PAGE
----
If a person is charged in the State of Georgia with Domestic Violence, that person has the right to claim self-defense. Not only can the person claim self-defense at trial, but the person also has the right to file what is called an immunity motion under O.C.G.A. § 16-3-24.2.
This is a legal motion made pre-trial, whereby a person can assert that their self-defense claim is so strong that the Court cannot allow the prosecutor to continue with the case. Once the motion is filed, the Court must hear and rule on the motion prior to trial.
In an immunity motion the burden is on the defense to establish, by a preponderance of the evidence (more likely than not), that they should win on the self-defense theory. Once the defense has raised the self-defense claim, the State then has the burden of disproving the claim of self-defense beyond a reasonable doubt. The judge will hear testimony, consider evidence, and make a ruling. Two outcomes can occur:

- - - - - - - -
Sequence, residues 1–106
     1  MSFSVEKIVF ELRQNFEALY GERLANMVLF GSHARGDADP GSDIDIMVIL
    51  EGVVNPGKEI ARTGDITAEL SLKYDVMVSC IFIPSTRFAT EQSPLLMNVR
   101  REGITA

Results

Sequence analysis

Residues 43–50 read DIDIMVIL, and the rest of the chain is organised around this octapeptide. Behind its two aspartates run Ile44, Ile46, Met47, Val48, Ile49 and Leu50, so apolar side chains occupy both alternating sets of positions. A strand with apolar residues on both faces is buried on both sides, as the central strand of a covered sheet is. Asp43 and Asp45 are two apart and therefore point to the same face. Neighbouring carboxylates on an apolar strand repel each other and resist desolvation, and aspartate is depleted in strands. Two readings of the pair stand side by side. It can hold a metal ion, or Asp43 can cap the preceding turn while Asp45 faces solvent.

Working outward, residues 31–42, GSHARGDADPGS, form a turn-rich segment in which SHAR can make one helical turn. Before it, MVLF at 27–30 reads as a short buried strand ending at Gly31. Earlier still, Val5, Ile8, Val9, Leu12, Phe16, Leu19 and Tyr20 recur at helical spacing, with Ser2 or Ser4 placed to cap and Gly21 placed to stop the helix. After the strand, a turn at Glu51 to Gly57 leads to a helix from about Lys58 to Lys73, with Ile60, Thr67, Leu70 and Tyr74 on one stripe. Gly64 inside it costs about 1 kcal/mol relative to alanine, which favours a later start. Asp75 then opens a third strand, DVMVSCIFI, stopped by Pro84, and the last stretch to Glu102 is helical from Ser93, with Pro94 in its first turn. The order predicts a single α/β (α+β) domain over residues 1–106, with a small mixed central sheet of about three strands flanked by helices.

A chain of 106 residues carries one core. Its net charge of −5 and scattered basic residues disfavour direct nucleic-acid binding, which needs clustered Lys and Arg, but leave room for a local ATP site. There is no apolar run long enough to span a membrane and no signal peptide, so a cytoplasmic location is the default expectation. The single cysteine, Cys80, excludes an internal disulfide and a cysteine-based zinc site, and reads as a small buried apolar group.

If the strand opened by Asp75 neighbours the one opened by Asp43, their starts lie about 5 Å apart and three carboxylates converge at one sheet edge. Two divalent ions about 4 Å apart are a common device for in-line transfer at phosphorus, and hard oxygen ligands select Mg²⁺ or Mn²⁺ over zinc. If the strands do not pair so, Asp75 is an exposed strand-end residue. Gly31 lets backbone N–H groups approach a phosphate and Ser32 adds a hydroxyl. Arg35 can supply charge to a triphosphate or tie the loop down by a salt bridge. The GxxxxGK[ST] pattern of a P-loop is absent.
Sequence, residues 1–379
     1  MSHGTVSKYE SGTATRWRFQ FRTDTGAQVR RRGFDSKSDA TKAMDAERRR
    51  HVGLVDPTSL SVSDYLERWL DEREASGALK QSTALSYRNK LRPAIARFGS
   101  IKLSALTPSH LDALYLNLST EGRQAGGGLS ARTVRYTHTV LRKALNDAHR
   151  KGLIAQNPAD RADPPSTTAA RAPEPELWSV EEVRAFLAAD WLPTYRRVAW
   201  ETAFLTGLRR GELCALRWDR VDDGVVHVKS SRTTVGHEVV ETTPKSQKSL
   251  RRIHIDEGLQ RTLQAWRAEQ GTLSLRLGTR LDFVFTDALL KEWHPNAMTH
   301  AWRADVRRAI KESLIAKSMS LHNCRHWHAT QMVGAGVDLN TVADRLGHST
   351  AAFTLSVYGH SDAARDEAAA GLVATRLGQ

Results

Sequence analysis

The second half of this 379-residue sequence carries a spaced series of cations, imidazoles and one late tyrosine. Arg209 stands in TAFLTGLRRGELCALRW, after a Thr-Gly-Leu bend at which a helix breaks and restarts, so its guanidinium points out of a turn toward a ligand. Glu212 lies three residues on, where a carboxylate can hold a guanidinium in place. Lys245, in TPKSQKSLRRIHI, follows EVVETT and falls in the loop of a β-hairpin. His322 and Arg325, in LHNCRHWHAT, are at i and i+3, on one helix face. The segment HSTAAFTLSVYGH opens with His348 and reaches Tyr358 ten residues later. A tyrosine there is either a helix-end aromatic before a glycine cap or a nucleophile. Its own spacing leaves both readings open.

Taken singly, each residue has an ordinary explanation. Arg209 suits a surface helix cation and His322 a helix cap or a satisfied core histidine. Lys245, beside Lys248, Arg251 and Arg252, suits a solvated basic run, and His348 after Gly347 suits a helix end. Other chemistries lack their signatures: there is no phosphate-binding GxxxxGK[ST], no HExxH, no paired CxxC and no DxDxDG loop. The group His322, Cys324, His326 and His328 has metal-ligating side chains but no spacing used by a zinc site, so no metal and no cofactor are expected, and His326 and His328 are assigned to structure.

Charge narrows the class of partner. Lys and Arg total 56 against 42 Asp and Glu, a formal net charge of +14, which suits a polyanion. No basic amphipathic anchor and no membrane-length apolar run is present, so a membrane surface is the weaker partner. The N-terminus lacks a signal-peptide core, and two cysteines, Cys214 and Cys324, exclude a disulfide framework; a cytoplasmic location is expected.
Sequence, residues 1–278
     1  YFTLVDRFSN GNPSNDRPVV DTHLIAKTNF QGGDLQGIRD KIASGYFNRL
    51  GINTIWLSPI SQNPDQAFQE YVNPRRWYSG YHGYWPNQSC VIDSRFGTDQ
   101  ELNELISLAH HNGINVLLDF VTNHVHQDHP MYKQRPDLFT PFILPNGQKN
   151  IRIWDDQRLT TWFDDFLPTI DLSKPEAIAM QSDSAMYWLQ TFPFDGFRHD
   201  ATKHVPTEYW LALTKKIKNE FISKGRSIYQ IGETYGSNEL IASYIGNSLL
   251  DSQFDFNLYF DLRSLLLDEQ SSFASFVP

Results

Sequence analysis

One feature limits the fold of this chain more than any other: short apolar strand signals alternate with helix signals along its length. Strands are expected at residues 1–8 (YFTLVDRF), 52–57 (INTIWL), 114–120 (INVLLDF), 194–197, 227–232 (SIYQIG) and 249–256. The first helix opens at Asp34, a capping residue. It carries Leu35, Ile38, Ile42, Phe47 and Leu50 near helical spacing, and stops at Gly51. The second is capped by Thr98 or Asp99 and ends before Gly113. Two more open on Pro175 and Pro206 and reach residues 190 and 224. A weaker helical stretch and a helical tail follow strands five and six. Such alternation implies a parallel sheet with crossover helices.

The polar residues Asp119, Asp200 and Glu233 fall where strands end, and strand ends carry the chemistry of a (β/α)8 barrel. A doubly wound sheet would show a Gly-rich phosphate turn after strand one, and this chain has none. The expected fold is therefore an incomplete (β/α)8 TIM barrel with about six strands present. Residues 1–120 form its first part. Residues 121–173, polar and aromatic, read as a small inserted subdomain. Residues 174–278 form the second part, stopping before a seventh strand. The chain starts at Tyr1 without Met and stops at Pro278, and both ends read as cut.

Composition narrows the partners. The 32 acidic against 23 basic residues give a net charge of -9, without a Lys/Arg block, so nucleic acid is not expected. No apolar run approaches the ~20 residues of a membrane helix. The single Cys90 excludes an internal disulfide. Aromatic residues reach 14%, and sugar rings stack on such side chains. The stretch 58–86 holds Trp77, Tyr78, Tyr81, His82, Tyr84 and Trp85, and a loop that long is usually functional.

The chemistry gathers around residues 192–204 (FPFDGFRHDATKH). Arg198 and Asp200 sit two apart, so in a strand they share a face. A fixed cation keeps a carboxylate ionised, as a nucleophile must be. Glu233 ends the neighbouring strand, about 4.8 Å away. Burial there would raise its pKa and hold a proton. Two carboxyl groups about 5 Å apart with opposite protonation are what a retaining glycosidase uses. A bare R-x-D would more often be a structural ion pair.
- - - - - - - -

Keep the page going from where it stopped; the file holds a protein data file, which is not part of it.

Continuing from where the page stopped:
- If the Court finds that the defense presented sufficient evidence at the pretrial hearing and persuaded the Court that they were acting in self-defense — the Court will grant the motion and dismiss the case.
- If the Court finds that the defense did not present sufficient evidence at the pretrial hearing and did not persuade the Court that they were acting in self-defense — the Court will deny the motion and the case will proceed to trial.
The advantage to filing this type of motion is that it can protect a person who is charged with domestic violence from the risk of uncertainty of going to trial. If the motion is not successful, the person charged, still has every right to fight the charges at trial. These motions can be very beneficial, in the right case, for the person charged with domestic violence.
If you or someone you know has been arrested for a domestic violence charge, having a lawyer fight your case can result in a better outcome. Contact the Law Office of Scott Smith today for a free consultation at 404-581-0999.